Barents Observer journalist takes Russian Justice Ministry to court
The journalist that was included in Russia’s list of so-called “foreign agents” in late March this year is disputing the decision and takes the federal Justice Ministry to court.
“We are filing a case against the Ministry of Justice because I do not consider myself a ‘foreign agent’ and want to communicate this position to the public,” Chentemirov says in a comment.
The journalist who until recently was leader of the Journalist Union in the Republic of Karelia, fled Russia in September and started to work in Norway for the Barents Observer.
According to Chentemirov, the justification for including him in the foreign agent list is ridiculous.
“They argue that I am engaged in ‘political activities’ because I have expressed my opinion on my personal social media page, written articles about developments in Russia and asked questions to people in interviews.”
“This is absurd,” he underlines.
In a letter addressed to the Ministry, Chentemirov underlines that his work has “never been aimed against Russia in the interest of whatever other country.”
“In my work as a journalist I have always done my best to write about significant public issues, and that is what I continue to do today, in line with norms of professional ethics,” he says.
As citizen I have always taken use of my constitutional right to express my opinion [and] as leader of the Karelian Union of Journalists I stood up for the protection of journalists’ rights and freedom of speech.”
Chentemirov’s lawsuit was first rejected by a court in Petrozavodsk, the Russian home town of the journalist. But the rejection will be appealed to a higher court, he says.
The journalist has no illusions that we will win the case, but says a lawsuit offers an opportunity to “legally record one’s disagreement with the situation.”
Chentemirov is confident that his inclusion in the foreign agent list is politically motivated, and that it comes as a response to his opposition to the war against Ukraine and criticism of Vladimir Putin and “everyone that leads Russia towards the biggest catastrophe in its history.”
The journalist is supported by lawyer Natalia Chernova.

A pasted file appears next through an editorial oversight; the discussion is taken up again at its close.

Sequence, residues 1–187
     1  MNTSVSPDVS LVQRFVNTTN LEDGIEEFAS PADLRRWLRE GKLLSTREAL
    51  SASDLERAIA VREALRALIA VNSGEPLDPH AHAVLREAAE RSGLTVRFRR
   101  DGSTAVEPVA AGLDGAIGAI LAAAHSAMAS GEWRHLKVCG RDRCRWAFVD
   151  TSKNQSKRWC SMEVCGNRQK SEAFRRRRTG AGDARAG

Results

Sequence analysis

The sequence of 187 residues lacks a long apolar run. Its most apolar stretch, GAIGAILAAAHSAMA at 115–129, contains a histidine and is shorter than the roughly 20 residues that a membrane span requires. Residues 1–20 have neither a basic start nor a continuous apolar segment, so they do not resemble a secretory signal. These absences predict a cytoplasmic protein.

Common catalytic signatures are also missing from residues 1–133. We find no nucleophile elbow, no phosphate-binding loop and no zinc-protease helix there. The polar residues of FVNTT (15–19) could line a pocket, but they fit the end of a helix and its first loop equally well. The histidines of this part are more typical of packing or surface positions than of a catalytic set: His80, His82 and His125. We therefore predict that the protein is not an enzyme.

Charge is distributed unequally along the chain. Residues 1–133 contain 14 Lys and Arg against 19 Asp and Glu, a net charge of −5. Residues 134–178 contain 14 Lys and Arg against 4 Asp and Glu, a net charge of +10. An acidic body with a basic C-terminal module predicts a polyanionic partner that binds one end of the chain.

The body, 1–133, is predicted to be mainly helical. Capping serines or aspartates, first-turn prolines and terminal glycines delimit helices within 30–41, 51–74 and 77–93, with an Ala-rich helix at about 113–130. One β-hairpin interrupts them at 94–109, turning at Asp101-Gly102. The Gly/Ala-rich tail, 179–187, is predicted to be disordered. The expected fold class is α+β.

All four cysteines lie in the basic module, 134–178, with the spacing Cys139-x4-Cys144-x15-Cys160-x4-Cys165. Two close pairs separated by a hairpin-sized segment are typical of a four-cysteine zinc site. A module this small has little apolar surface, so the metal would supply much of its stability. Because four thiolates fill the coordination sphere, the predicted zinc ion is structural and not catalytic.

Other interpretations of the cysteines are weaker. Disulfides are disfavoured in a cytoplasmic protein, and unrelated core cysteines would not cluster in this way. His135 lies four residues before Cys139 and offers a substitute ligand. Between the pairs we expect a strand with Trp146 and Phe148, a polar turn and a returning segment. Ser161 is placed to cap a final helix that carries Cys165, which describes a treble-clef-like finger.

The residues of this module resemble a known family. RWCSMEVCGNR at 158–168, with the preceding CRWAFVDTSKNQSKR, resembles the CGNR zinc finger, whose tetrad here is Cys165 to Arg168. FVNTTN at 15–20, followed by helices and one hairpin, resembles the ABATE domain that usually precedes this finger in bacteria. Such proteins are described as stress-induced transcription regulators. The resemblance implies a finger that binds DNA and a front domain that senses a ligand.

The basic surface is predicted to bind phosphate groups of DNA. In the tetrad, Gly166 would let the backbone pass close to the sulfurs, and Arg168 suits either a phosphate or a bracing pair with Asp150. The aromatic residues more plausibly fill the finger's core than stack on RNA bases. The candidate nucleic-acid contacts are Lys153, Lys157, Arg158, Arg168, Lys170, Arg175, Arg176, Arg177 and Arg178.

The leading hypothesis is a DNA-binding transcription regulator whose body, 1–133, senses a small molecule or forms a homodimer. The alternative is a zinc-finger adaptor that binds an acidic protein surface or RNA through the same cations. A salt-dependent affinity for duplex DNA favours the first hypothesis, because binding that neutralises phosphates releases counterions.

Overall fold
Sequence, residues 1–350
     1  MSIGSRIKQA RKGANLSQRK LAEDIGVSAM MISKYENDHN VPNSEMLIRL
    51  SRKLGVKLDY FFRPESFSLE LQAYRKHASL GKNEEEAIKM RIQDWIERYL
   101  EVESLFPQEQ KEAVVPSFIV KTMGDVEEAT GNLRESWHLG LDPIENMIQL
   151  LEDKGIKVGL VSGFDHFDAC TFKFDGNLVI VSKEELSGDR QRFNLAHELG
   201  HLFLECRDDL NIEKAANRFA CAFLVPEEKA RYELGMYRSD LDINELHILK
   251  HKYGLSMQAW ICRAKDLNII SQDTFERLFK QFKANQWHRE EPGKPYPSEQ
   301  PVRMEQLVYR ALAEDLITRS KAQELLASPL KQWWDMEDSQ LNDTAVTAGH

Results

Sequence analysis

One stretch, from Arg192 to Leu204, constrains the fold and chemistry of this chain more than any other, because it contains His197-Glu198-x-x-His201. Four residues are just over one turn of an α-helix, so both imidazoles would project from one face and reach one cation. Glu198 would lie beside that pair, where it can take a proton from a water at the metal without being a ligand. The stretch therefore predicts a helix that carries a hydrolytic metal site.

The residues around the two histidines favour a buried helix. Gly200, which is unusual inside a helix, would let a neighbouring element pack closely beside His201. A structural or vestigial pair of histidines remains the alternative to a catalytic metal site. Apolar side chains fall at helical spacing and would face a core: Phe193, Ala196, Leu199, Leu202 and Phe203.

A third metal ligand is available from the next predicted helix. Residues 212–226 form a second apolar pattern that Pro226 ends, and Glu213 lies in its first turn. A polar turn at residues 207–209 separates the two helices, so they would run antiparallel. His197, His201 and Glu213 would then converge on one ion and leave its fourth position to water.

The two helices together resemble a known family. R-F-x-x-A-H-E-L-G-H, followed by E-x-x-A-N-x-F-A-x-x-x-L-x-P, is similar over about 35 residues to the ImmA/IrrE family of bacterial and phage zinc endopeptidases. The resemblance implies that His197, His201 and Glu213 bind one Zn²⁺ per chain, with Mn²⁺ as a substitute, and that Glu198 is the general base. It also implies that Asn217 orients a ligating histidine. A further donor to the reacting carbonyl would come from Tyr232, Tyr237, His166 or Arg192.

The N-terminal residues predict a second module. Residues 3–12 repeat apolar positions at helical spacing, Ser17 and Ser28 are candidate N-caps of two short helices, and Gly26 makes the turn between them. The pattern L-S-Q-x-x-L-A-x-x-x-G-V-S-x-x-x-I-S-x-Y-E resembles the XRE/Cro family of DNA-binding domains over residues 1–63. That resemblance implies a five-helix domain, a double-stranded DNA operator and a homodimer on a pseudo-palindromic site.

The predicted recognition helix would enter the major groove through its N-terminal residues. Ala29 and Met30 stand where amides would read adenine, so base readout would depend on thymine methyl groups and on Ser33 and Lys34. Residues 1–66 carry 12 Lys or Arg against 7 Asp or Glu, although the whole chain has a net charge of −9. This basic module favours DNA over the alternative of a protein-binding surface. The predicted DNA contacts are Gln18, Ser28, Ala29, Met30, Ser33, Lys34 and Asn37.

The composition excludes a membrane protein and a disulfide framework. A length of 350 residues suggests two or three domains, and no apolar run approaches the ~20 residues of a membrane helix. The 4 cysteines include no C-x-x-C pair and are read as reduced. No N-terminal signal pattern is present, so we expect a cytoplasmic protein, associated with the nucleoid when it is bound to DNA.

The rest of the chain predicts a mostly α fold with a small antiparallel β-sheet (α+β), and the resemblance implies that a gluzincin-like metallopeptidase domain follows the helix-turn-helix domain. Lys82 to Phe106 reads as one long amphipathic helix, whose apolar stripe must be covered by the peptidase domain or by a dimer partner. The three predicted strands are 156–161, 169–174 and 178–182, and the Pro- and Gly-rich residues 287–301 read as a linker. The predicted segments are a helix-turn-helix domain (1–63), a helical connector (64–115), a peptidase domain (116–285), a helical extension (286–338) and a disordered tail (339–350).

In a comment to the Barents Observer, Chernova says Chentemirov’s case is part of “a very complicate situation.”
“I want to say that the situation is very difficult for people of liberal professions,” the lawyer underlines. She believes that the Justice Ministry puts people on the foreign agent list without any evidence.
“Our opponent does not provide evidence, only words,” she says, and adds that she can only comment on the specific case of Chentemirov.
She has little hope that the case against the Justice Ministry can be won.
“I don’t think the court will surprise us. I’m not sure that the decision will be positive for us, but we must try!”
Russia’s first “foreign agent” law was introduced in 2012. It has since been used to smear opposition groups, media and individuals that express opposition to the authorities.
Individuals named “foreign agent” are no longer allowed to join civil service, participate in electoral commissions or donate to political parties. They are also banned from engaging in educational activities or producing information materials for minors.
So far, more than 500 NGOs and individuals are included. All are subject to rigorous auditing and have to add a highly visible disclaimer on private social media posts and reporting inside Russia stating that the text below is written by a “foreign agent”.
Failing to comply with the burdensome requirement of audit reporting and publishing disclaimers bear hefty fines, and could even result in criminal charges.